Chapter 1, Angels and Demons

katepA is the demon that each character is hampered by

katepa

 

As you read this excerpt you may see some of Frank Peretti and his brilliant way of describing scenes. Please note that I didn’t try to copy his work. But let’s face it, Frank Peretti is the best! I remember sitting on a beach reading the last chapter of one of his books where the heroine is saved. I remember crying as I read it. So I really tried to break away from what he had done, by giving us a healthy balance of the reality of the demons, but with the victory that we already have in Christ. I think I came up with a good balance. You will have to tell me if I did.

Here is an excerpt from Chapter 1, Angels and Demons:

He sat slouched over on a mossy green stump of stone. He looked down in shame, and his eyes darted back and forth, looking from one demon’s ugly feet to another. Shame overcame him, shame and anger!

Their meeting took place in what looked like a rundown castle. The stone floor where his eyes were facing showed scratches caused by age. The cold-looking granite, dark and slimy had few speckles of white, and every one that should be seen had lost their luster years earlier. They were hidden by dirt and grime that no one would ever wipe up. The darkness that enveloped the scene completely eclipsed any type of light, yet in the shadowy glow one could see others in the room, not clearly, of course, not at all like when one is outside in the light. No, this scene appeared more like the dense fog that comes at night and is so thick that it feels gritty.

The putrid air remained thick with smells that always seemed to linger and were never gone . . . Periodic puffs of foul-smelling odor rose above the crowd, and the proverbial spotlight illuminated katepa. Everyone focused upon him, sneering at him, and some were just outright laughing at him. His crooked jaw set and he seethed with anger, and at the same time, he experienced a healthy dose of fear. His anger came because his inept overlord chose to mock, lecture and threaten him. Everyone knew that the only reason joln got his position had to do with political connections. But the very real fear that katepa experienced came because he knew that at any moment joln could send him to a place in the universe that would be eternal torment before his time, so katepa continued to listen meekly as joln’s inflated ego acted even more arrogantly, if that were possible, than everyone but he knew he had a right to act.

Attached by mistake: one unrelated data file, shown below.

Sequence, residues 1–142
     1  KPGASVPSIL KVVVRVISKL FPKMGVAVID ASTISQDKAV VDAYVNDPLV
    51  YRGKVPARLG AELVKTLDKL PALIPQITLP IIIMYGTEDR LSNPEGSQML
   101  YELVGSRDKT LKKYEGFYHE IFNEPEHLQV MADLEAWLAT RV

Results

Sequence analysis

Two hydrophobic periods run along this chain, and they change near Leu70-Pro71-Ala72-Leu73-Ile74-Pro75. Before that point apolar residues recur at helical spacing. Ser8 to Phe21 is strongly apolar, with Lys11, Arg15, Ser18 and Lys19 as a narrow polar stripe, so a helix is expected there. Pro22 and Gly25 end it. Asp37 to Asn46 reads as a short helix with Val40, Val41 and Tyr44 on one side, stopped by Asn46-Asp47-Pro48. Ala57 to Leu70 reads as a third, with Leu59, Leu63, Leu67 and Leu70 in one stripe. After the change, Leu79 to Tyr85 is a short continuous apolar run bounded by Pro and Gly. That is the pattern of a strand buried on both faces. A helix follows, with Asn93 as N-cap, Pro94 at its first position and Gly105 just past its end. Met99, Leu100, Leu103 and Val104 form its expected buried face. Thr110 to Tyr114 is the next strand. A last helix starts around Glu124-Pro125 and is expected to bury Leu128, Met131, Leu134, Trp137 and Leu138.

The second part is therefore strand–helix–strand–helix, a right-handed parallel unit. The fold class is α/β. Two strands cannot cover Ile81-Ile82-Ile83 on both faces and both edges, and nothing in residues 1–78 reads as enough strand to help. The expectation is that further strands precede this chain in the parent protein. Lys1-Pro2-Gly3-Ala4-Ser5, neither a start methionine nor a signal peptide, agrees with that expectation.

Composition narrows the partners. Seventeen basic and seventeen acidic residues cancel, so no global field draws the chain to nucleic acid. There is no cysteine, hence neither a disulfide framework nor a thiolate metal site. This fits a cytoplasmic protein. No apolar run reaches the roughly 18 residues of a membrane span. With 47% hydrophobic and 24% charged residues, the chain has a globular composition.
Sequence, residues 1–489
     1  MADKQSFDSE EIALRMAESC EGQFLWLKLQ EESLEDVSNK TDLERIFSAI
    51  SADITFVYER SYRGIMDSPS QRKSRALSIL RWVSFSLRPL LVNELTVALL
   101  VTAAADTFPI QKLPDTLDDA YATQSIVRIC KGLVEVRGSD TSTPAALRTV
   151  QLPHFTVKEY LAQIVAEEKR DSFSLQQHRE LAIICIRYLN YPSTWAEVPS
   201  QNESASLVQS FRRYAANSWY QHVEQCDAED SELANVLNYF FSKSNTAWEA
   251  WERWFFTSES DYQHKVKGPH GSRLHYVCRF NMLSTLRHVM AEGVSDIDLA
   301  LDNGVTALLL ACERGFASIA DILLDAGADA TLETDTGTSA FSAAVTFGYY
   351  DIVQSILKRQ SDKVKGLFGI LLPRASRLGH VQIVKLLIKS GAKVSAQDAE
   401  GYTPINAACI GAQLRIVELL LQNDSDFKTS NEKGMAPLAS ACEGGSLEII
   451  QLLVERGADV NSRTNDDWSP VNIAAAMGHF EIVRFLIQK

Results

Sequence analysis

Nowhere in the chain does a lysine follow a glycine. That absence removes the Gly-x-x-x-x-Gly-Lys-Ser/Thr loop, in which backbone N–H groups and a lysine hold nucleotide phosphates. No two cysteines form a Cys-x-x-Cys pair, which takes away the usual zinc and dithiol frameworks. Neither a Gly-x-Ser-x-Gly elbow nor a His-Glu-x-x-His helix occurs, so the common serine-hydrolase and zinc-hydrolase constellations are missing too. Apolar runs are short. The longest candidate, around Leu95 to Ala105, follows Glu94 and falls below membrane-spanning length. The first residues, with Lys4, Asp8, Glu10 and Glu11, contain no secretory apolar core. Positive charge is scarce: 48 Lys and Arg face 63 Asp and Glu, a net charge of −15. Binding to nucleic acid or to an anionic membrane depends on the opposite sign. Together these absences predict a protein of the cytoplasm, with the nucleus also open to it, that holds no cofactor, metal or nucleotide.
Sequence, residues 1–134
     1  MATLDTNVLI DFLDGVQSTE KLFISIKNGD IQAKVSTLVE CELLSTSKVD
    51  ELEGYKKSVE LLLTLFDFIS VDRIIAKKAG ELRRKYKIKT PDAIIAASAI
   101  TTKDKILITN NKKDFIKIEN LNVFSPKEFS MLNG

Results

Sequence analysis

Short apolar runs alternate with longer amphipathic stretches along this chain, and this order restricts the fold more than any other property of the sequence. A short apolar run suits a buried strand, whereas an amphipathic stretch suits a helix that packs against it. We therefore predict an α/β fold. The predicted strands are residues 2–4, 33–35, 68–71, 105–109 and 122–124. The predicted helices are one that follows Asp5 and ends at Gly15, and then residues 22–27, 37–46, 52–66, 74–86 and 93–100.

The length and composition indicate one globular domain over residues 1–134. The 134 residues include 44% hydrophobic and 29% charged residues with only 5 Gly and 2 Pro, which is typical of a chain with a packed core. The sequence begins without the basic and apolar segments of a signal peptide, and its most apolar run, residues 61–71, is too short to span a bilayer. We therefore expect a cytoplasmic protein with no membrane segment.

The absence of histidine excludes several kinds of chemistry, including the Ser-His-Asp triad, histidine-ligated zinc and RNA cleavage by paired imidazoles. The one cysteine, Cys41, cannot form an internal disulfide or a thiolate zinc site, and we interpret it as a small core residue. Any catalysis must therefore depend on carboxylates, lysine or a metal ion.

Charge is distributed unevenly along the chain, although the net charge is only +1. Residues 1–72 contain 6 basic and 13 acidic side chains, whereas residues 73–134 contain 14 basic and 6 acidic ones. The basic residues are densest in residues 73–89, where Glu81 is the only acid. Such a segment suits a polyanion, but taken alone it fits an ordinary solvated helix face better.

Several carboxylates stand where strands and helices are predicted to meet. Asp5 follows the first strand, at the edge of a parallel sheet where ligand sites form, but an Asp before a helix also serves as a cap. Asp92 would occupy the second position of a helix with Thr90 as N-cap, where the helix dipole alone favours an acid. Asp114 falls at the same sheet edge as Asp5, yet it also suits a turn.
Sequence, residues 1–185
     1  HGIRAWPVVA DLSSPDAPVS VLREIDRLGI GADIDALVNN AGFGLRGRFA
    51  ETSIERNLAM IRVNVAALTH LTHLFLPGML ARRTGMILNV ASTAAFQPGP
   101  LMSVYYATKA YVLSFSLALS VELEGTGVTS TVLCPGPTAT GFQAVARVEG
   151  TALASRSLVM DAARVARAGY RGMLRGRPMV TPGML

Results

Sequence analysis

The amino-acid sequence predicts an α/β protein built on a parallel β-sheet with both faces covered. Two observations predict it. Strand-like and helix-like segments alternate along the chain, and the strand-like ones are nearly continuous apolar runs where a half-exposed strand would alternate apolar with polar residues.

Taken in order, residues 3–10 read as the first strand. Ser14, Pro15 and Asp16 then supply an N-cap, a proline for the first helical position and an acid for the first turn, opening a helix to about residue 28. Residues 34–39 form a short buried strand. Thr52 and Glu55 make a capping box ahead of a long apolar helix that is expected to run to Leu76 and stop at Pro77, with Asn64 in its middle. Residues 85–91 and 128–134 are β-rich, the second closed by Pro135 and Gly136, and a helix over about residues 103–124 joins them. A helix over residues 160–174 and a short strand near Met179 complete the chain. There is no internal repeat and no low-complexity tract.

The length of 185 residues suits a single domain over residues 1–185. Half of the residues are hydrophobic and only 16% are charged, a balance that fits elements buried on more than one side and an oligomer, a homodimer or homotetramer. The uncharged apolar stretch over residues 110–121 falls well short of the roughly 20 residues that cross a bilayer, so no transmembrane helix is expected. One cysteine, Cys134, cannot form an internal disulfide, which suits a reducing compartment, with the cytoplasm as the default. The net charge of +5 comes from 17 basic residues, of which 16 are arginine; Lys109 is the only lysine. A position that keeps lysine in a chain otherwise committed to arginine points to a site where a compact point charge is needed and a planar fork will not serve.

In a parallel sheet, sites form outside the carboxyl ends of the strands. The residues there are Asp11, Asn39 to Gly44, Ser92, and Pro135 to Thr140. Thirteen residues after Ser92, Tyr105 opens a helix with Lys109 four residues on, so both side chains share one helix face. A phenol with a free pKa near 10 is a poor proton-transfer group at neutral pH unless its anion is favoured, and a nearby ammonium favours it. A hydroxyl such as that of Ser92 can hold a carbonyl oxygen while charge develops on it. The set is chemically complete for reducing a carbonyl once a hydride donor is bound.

The master, satan himself, had sent a new directive, and joln singled out katepa to express this new directive’s emphasis and meaning. “But to call it a new directive didn’t accurately explain it either,” thought katepa as he kept his head down, and this too angered him. He had been in the business of deceiving humankind for the last 6,000 years. He knew what to do. He knew his expectation. That this sloppy, ignorant, unqualified overlord leaned down, bent over him, slapped him around, and spit on him every time he emphasized a word become more and more than katepa could handle. He wanted to reach up and grab joln by his bulging rippled throat, when joln brought up katepa’s Achilles heel, his past failures.

As katepa shriveled even more under the gaze of everyone else in the meeting, joln brought up Thales, the first-century nephew of Epaphras. And then, just to rub salt in the wound, joln brought up Alexander Rich, the nineteenth-century itinerant preacher in the United States.

“Two failures! Add it up, joln, you good-for-nothing blowhard. I’ve had two failures in the last two thousand years. With these mortals having a life span of seventy years, do you know how many successes I’ve had?” All of this katepa merely thought, for he would never say it out loud. He knew the expectation of this group. And the expectation would never change. Perfection, no failures, ever … and he had failed, twice.

I am reading the book on Kindle right now and for the first time in a year I get to read it without checking for punctuation. I’m really enjoying it! I’d even go so far as to say that I think the writer did a really good job!

But I’m probably a bit to close to the book to give you an honest assessment. So order the book and or download it, and enjoy it. But, please, give me some feedback.

Thanks, and enjoy,

Mark S Mirza

 

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